If you look at the map of Donetsk and locate the huge rectangle of the Donetsk airport, the village of Veselyi in the Yasynuvata District looks like a defenseless spot hiding in the shadows of the huge airport.
The airport has been under the control of Ukrainian troops for several months. Independence fighters are trying to throw them back. "Artillery duels" here continue day and night, with stray shells falling all over the place. Some locals rush for the basements at every sound of an explosion, while others brush it off as a nuisance. "Oh, that"s far away," they say. The village has been without electricity, gas or water for several months. People spend their dark evenings by campfires on which they cook food.
Surprisingly, most of them have stayed in their homes. Stratonavtiv Street, leading to the village is formally part of Donetsk. It is a notorious place. On May 26, after a massacre at the airport, Ukrainian fighter planes and helicopters attacked the avenue. They rained bullets and rockets on everything that moved. Pilots pursued independence fighters as they were running from the airport.
Shelling of Stratonavtiv Street has continued ever since. There are burned-down houses here and there. But some drivers have ventured onto the street after the truce was announced.
We drive down the Stratonavtiv Street to Veselyi together with deputies from the parliament of Novorossiya (the union of the Donetsk and Luhansk people's republics) who are bringing in humanitarian aid. People live here within 700 meters of the airport runway where the Ukrainian forces roll out their artillery to shell Donetsk.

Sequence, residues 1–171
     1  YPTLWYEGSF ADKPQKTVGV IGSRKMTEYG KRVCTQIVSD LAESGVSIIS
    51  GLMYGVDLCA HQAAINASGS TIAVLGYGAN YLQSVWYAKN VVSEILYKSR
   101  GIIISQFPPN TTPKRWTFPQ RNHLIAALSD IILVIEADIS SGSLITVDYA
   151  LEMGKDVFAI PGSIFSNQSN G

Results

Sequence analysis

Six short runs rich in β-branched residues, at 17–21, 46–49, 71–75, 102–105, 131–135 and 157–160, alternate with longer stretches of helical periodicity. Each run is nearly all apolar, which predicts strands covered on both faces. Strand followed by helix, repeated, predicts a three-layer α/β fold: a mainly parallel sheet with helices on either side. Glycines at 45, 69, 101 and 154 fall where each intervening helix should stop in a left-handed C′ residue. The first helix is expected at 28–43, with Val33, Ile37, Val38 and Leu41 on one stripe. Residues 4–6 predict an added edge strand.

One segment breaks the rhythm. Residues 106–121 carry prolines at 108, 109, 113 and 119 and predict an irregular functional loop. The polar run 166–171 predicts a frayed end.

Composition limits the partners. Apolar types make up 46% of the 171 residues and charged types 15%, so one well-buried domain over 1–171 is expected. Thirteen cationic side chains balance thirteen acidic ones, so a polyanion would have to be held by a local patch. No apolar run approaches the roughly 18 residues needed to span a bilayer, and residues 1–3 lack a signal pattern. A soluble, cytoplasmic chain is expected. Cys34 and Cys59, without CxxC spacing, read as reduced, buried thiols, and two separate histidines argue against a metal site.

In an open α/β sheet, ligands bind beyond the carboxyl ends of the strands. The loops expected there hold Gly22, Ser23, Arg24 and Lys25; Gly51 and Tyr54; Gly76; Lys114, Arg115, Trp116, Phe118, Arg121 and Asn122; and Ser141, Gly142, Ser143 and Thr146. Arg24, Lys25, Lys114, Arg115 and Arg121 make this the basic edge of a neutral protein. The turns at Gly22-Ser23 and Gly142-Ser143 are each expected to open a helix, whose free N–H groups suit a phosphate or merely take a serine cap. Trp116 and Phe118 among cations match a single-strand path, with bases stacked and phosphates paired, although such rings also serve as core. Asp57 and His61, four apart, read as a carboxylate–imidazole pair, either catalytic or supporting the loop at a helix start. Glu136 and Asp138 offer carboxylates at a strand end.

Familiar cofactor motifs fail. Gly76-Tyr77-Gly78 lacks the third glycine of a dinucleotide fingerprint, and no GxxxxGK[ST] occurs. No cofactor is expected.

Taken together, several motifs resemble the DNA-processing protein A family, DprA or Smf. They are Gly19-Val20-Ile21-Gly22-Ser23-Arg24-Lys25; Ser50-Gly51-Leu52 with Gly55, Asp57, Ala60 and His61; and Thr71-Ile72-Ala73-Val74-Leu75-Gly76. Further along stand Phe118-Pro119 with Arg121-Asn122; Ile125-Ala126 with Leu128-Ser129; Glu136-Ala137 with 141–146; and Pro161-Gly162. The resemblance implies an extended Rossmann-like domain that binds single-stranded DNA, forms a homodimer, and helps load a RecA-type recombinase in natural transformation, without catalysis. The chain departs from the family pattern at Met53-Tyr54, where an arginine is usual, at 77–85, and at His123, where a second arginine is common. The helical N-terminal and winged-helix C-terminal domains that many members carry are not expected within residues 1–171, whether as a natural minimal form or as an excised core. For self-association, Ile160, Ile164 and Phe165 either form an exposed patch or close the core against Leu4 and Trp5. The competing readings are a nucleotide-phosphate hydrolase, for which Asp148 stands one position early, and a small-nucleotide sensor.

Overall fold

A local citizen, 20-year-old Alyona, with a bulging belly, approaches a humanitarian aid vehicle. She is eight months pregnant. "We know it's a boy. We'll name him Danilla," she says. The woman lives in Veselyi with her mother and 12-year-old sister. Alyona's husband has joined local independence fighters. He was recently wounded and is now at a hospital. They do not want to leave Veselyi.
"Where can we go? Our homes are here, why should we leave?" Snezhanna Mikolauskas, a middle-aged woman, said talking to a RIA Novosti correspondent.
Snezhanna works as a doctor in Donetsk. Every morning she walks 40 minutes to the nearest bus stop. Buses do not go to Veselyi and trolley cables have been torn in the village. As Snezhanna makes her way, bombs whistle over her head and shells explode.
"Of course I'm afraid. Only fools are not afraid," she says. "But we kind of got used to it. What can you do…You have to go to work."
From the bus stop, Snezhanna heads to the orphanage which has not paid her salary for three months. Kiev has cut off all payments to public sector workers in conflict areas. After a hard day's work she has to make her way back home, the last stretch on foot again. "I can't quit work. We still hope to get paid someday. And I can't leave the kids at the orphanage," Snezhanna said.
The greatest hope Snezhanna, Alyona and their neighbors have is that the shelling will stop. Later, repair people will come to the village and fix electricity and water supplies. Public transport will be working at last, although Snezhanna won't be able to afford to pay three hryvnas (10 rubles) for a ride anyways. But the Donetsk People's Republic promises to start paying wages instead of Kiev.
DIM FUTURE FOR YASYNUVATA
We were shaken even more by the trip to the neighboring town of Yasynuvata, a northern suburb of Donetsk with a population of 30,000. That is, it was 30,000 "before the war," barely one-third of the people has stayed. The city mayor has fled, so have the doctors from the local hospital. There is only one doctor available to the many wounded fighters and civilians, and he happens to be a gynecologist.